Mirza: And Clause 166.
Doshi: Let me move on to audit committees and audit. Let me refer to it as the broad function of audit and the interface between companies and their auditors. Here too Mr. Pai - there have been fixed tenures, several changes, liability has been upped, supervision of auditors and audit firms is likely to change now because the National Advisory Committee on Accounting Standard (NACAS) could be renamed and re-empowered. What do you make of the changes that are going to come in with regards to the interface between audit firms and companies?
Pai: I think many of the changes are very good. Having a regulator like the PCAOB in the United States - that National Regulatory Authority is very good. I fully support that except that it should be made more stringent. Rotating the firms, I support that now. I didnít support it earlier. Now I think about it. I support it very well. Rotating partners, obviously it happens. Fastening some liability on them, I think it happens because of many important issues. You have seen in the case of Satyam how the auditors behaved. They went and made a deal with SEC, admitted to culpability and said, yes there has been a bad audit. But in India, they have not done it. There double standards are being followed. They are not even getting punished, they are going to courts and taking stays in many areas and showing their disdain for good governance. For good audit, I think its time that some kind of regulation is brought.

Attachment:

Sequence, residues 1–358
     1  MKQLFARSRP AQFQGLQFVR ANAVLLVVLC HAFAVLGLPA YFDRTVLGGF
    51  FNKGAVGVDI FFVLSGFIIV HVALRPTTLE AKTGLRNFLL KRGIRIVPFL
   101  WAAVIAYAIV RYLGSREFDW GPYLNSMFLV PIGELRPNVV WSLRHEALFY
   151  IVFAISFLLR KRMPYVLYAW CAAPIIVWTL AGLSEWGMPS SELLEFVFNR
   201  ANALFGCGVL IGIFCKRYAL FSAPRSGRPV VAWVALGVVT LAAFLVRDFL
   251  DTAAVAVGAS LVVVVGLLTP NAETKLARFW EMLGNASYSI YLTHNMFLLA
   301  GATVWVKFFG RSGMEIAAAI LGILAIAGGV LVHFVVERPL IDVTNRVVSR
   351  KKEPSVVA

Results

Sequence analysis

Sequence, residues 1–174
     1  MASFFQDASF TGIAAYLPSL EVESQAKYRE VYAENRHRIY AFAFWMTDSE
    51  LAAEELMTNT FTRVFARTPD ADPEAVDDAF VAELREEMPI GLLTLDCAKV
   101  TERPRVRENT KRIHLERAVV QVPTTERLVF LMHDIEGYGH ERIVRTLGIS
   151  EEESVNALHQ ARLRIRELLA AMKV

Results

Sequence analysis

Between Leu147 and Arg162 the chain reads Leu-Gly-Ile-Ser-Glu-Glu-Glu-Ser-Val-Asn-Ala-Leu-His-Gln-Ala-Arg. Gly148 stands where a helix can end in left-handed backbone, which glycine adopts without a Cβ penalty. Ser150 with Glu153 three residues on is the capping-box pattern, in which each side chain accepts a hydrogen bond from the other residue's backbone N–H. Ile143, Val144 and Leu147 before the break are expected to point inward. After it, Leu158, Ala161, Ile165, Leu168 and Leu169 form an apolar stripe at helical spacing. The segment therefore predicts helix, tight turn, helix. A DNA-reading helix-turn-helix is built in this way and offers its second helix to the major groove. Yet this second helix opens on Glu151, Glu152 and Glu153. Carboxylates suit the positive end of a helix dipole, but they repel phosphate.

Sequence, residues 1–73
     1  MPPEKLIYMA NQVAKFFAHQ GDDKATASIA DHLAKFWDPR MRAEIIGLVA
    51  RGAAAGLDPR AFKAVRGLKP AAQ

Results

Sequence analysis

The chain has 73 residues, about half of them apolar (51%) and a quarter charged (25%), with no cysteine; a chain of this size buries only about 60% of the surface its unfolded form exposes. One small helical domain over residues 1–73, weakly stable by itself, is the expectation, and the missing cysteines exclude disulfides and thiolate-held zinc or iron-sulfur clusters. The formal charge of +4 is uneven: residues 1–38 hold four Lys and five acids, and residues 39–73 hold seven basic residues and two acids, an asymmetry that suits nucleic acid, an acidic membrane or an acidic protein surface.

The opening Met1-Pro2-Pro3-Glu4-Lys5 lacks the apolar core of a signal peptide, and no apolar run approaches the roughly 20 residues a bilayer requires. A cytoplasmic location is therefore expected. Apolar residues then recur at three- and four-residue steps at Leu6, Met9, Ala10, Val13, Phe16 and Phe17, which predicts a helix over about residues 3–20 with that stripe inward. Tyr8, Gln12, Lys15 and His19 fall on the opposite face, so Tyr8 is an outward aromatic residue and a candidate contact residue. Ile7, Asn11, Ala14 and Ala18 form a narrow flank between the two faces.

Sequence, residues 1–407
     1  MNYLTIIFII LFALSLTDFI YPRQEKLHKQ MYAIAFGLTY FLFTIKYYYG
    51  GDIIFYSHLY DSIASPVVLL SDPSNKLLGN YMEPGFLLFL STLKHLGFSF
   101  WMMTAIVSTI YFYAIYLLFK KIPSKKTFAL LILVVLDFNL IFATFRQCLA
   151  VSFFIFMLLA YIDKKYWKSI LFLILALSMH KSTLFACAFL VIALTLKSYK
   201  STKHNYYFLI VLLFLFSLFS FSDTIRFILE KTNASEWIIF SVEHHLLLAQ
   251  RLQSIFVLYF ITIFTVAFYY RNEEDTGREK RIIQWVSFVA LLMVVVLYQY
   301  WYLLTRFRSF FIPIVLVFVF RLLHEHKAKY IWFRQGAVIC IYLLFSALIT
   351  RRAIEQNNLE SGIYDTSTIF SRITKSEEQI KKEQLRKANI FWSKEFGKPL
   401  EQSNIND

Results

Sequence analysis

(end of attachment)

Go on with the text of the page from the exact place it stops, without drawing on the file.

Vasani: In fact, I think one important change which people should not miss out that now the auditors cannot be removed by the shareholders alone, it requires central government approval. If an auditor resigns, he has to give a detailed letter to the CAG which was essentially for public sector. Now they have brought it to the private sector that why is he resigning. I am in favor of the changes made because there was too much of clubbiness between the management and the auditors.
Doshi: So you approve of rotation, you approve of the fact that audit firms cannot provide conflicting non-auditing services to an audit client, you approve of the fact that there will now be enhanced liability not just on the audit partner but on the firm as well and this new body NACAS which may become NFRA will have the power to debar firms as well?